Public Transportation and Fringe Benefit Costs Grow Much Faster than Connecticut Transportation Revenue

Sabrina Romansky contributed to this article

Connecticut’s transportation funding problems have been blamed on increasing debt costs and flat or declining revenue, but a look at the history of transportation spending in Connecticut shows that, when adjusted for inflation, the biggest cost increases have been for public transportation and fringe benefits for employees.

Connecticut’s transportation funding problems have caused a renewed push to install electronic tolls on Connecticut’s highways.

Gov. Dannel Malloy issued an executive order for a $10 million bond to study the implementation of electronic tolls on Connecticut’s highways, saying in his press release that, “developing a new funding method is due to the ongoing destabilization of the Special Transportation Fund.”

The “destabilization” of the STF was blamed on spiking debt costs and less gasoline tax revenue in a December 2017 report released by the Office of Policy and Management. But a look at the history of Connecticut’s transportation revenue and spending between 2000 and 2018 tells a slightly different story.

When adjusted for inflation, revenue to the STF has increased by 20 percent since 2000, while debt costs are only up 9 percent.

Meanwhile public transportation spending has increased 48 percent and fringe benefit costs increased 58 percent, according to figures compiled from Connecticut’s budget book.

The STF is funded primarily through the gasoline tax and a tax on oil companies, along with a number of motor vehicle taxes and, more recently, a percentage of the state’s sales tax revenue.

This year, the STF will spend $614.6 million paying for debt, which is 40 percent of total revenue.

However, in 2000 the state’s debt payments were $385.9 million which equaled 45 percent of revenue. Adjusted for inflation, debt service spending has increased $50 million since 2000.

Spending for public transportation grew $177.3 million and fringe benefit costs for workers grew $116.3 million.

Interestingly enough, the much maligned Department of Motor Vehicles has seen a decrease in inflation-adjusted spending over the past 18 years.

Gov. Malloy halted over 400 infrastructure projects in January of 2018 in an effort to slow down the state’s transportation spending, but expenses are projected to continue growing.

The Office of Policy and Management projects STF revenue to increase from $1.5 billion to $1.8 billion by 2022, according to the December 2017 report.

Debt service costs are expected to increase rapidly, however, from $614 million to $885 million and operating costs, which include the fringe benefits, are projected to grow from $896 million to $1.02 billion by 2022.

Gov. Malloy has made public transportation the hallmark of his administration, building and expanding the CTFrastrak bus line and recently completing the Hartford Line commuter train with service from New Haven to Springfield, Massachusetts.

The governor also launched his Let’s Go CT! infrastructure initiative — a 30 year, $100 billion statewide plan. Some of those projects have been scaled back in light of the STF’s fiscal problems.

CTFastrak cost $567 million to build and requires $17.5 million in public subsidies per year. The Hartford Line cost more than $700 million to construct. Although it is too soon to know the ongoing yearly costs of running the Hartford Line, the state estimated ridership to be 2,428 people per weekday.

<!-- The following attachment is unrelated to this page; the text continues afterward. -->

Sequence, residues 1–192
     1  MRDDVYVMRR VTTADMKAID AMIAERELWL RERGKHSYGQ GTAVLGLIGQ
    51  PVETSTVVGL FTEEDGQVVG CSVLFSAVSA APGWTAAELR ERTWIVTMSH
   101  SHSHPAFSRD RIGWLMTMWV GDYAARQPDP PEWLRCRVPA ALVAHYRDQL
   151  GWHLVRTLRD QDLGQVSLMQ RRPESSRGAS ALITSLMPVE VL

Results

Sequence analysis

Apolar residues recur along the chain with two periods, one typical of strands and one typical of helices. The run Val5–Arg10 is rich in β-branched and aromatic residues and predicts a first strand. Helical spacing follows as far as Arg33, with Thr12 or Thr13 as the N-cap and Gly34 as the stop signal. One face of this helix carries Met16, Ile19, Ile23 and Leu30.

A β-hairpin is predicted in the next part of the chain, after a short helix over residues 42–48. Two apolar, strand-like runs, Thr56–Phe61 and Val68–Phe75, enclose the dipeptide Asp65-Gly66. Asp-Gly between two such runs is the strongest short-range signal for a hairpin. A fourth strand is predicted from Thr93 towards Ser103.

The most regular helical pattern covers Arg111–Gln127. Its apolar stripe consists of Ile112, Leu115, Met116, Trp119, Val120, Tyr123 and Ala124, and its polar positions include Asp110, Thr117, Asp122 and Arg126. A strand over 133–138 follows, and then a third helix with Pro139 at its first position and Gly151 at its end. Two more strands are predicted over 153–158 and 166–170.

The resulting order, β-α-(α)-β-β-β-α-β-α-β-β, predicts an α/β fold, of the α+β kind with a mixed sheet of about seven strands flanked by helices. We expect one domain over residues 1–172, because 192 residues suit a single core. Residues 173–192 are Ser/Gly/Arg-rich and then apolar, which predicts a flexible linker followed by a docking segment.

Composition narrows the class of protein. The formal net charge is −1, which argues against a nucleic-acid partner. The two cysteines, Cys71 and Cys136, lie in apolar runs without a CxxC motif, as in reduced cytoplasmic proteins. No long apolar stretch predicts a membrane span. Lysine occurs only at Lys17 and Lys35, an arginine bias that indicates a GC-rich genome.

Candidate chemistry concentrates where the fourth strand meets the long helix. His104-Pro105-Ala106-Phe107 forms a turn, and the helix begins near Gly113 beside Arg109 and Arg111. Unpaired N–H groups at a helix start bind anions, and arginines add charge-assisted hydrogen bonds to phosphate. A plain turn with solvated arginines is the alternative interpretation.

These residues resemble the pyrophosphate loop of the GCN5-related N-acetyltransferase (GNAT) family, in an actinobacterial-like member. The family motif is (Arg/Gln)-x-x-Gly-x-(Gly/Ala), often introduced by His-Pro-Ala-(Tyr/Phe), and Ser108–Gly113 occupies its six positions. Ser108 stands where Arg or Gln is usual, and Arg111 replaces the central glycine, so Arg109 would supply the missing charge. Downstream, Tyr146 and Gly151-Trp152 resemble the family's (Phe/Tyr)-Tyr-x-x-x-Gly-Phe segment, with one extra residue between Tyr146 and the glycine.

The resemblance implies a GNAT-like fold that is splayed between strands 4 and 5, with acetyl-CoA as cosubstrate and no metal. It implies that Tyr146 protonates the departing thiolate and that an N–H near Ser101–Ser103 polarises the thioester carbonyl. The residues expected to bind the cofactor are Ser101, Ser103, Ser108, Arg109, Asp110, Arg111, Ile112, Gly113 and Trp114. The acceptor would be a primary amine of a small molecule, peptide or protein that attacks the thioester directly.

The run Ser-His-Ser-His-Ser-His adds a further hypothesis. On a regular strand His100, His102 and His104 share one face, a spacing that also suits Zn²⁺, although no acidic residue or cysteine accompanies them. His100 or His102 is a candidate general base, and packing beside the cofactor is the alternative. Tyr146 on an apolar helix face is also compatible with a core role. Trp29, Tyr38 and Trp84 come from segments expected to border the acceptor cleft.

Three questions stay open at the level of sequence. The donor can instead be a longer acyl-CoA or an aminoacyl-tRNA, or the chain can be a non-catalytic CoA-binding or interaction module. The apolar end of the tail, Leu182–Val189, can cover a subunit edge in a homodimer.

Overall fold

Connecticut also owns and maintains the New Haven line of Metro-North in partnership with the Metropolitan Transportation Authority, which carries over 125,000 people per weekday.

The construction costs for the new bus and rail line were bonded, adding to debt service costs, although the federal government also paid for part of those projects.

The increase in fringe benefit costs can largely be attributed to Connecticut’s unfunded pension liabilities, which drive up labor costs. Past administrations and union leaders agreed to underfund the state pension plans, leading to an explosion of pension debt costs for the state.

Although future projections look daunting for the STF, legislative and market changes averted some pain for bus and train commuters and resulted in a surplus of transportation funding

As part of a bipartisan budget fix passed in May, lawmakers added $29 million to the STF to prevent fare increases on state buses and trains, along with an additional $250 million in general obligation bonds.

The STF will also have a surplus of $117 million this year due to higher gasoline and oil prices which resulted in higher revenues from Connecticut’s Oil Companies Tax, according to Connecticut State Comptroller Kevin Lembo.

Although legislation to further study tolling in Connecticut did not come to a vote during the 2018 session, Malloy’s executive order will bond $10 million to force the study.

A previous comprehensive tolling study by CDM Smith, published in 2015, estimated tolling revenue would be more than $1 billion per year, with 70 percent of the revenue coming from in-state commuters.

Malloy has directed the new study to examine ways in which Connecticut drivers could receive a discount in order to gain more revenue from out-of-state drivers.

Republican leaders sharply criticized Malloy’s order, with House Republican Leader Themis Klarides, R-Derby, calling it “frivolous, if not ridiculous,” and Senate Co-President Len Fasano, R-North Haven, called it “irresponsible and egotistical.”

However, the $10 million bond is expected to pass with only two Republican voices on the bond commission to stand in opposition.

In a break with the governor, Comptroller Lembo said he will also vote against the bond, saying such matters should be decided by the legislature.

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